It has an exhausted, chronically understaffed workforce; buildings in desperate need of repair; more than 10 percent of the population waiting for treatment; and is constantly pleading for more cash from government. The U.K.’s 75-year-old National Health Service is ailing.
But any talk of fundamentally changing the single-payer, tax-funded, free-at-the-point-of-care, universal system is politically taboo. After all, the NHS has been described as the closest thing to an English religion and was proudly shown off at the London 2012 Olympic Games.
Advisers to the U.K. government insisted to POLITICO that there are no plans at all to modify the existing model, and no politician was willing to even discuss the idea of alternative systems, perhaps scarred by previous backlashes when colleagues have spoken out.
In a recent article in the Times, former Health Secretary Sajid Javid argued that this protectionism is “part of the problem,” and has led to “self-imposed caution” among voters and politicians. “It is letting patients as well as NHS staff down,” he wrote.
And MPs from both the Tories and Labour are slowly starting to moot significant reforms. Javid thinks the NHS should start charging for GP and emergency appointments, while Labour’s Shadow Health Secretary Wes Streeting wants to do away with the existing GP partnership model that sees community practices run much like local businesses.
So, is now the time for a more grown-up discussion about the future of the U.K.’s health system? Contrary to the prevailing narrative that dominates what little public debate there is, change doesn’t have to mean an expensive, privatized American model that excludes vast swaths of society. Look across the Channel and you find a range of affordable systems with good coverage and — most importantly — good patient outcomes.
The social health insurance model: Belgium, Germany, the Netherlands and Switzerland
Kristian Niemietz, head of political economy at free-market think tank the Institute of Economic Affairs, is a strong advocate for a system funded through social health insurance — as found in Belgium, Germany, the Netherlands and Switzerland — which, he says, provides equitable access to quality health care.
People pay directly to an insurer of their choice from their paycheck, as well as making social security contributions. Premiums are standardized, usually with some form of means testing, resulting in lower rates for poorer people and higher-but-capped rates for the better-off. And health insurers pay into a fund at the start of the year, which compensates companies that take on higher risk patients, meaning those with greater care needs aren’t penalized, Niemietz explained.
Countries with this model have better outcomes in “pretty much any indicator,” he said, including in cancer, stroke and heart attack survival, avoidable deaths and respiratory illnesses, as illustrated across the majority of datapoints listed in OECD data.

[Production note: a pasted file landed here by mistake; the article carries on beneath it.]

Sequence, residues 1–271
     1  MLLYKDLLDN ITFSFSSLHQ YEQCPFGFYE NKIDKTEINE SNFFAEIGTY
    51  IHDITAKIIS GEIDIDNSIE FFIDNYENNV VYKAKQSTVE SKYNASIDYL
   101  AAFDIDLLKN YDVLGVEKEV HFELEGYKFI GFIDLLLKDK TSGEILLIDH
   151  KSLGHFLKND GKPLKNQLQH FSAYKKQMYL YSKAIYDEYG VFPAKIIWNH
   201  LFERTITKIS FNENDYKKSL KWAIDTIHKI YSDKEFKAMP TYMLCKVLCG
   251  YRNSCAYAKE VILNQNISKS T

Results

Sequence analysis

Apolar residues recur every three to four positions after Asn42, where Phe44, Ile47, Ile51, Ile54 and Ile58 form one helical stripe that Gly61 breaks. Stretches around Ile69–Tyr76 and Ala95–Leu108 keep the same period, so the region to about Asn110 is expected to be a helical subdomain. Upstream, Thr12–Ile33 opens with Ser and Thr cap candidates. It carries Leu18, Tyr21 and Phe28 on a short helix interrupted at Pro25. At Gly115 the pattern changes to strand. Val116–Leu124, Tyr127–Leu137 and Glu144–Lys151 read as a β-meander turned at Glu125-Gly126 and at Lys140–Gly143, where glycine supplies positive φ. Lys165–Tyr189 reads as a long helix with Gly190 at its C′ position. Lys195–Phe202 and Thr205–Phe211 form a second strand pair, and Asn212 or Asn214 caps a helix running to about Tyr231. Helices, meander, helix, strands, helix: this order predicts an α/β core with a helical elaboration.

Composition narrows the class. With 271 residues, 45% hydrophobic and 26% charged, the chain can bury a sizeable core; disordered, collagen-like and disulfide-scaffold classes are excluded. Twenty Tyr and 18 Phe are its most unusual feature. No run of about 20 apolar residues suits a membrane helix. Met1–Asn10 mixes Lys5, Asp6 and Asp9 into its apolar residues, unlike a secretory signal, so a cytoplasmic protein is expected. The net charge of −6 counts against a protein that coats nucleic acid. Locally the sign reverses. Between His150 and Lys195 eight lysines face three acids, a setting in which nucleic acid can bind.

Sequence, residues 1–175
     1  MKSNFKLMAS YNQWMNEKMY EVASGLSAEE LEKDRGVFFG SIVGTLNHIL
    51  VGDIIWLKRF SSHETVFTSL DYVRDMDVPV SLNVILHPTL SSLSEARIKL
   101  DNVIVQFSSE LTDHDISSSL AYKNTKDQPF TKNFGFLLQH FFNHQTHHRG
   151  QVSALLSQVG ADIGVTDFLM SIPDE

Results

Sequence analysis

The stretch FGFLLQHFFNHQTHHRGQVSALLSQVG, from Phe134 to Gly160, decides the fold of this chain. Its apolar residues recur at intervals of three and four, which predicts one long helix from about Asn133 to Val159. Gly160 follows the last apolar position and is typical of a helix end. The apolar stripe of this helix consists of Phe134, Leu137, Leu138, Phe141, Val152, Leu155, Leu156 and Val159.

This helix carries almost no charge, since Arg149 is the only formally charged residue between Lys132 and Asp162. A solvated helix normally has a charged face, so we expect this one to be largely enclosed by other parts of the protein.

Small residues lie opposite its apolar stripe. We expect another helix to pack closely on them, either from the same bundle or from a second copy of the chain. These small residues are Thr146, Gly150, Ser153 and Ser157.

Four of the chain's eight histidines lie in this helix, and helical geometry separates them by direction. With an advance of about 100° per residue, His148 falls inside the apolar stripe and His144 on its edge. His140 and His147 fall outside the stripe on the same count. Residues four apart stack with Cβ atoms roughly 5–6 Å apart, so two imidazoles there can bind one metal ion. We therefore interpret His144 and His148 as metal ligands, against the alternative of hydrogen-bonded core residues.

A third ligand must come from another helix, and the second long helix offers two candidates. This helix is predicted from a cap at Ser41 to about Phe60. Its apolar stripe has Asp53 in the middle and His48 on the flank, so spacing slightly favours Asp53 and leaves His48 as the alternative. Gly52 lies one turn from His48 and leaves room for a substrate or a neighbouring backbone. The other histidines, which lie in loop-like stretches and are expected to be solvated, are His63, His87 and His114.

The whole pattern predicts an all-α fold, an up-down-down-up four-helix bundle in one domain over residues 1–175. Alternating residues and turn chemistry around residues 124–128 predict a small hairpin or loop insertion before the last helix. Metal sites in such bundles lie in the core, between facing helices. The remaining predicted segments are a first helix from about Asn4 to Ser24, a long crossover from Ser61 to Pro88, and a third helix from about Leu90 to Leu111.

These systems can be on the expensive side — costing between 10 and 12 percent of GDP, compared with a 9.9 percent EU average. But the U.K. has also increased NHS spending in response to the pandemic, now handing over 10 percent of GDP to the service. While health insurers are able to raise premiums, increasing people’s monthly fees, Niemietz points out that this is usually controlled, with most health insurers and all service providers in the Netherlands being not-for-profit organizations, for example.
However, the fee-for-service structure of this model encourages wasteful activity, argues Martin McKee, professor of European public health at the London School of Hygiene and Tropical Medicine. For example, in Germany, women are offered smear tests every six months, while, in Finland — a tax-funded system — a woman might have seven in a lifetime. And yet, the death rate from cervical cancer in Germany is no better than in Finland, he said. In fact, it’s double the rate, he noted.
Niemietz thinks it wouldn’t be a huge upheaval for the U.K. to change to this system. He argues that local commissioning groups could convert to health insurance firms, competing with each other for patients. Fees would continue to be deducted from paychecks but instead would go to the insurer as opposed to the Treasury.
But, according to McKee, the U.K. doesn’t have the right social contract for it to work, because of the strong differences between the three groups involved in making it happen. “It is inconceivable that employers, trade unions, and government would work collaboratively for the common good [in the U.K.],” said McKee, pointing to the current standoff between government and employers with trade unions across multiple sectors.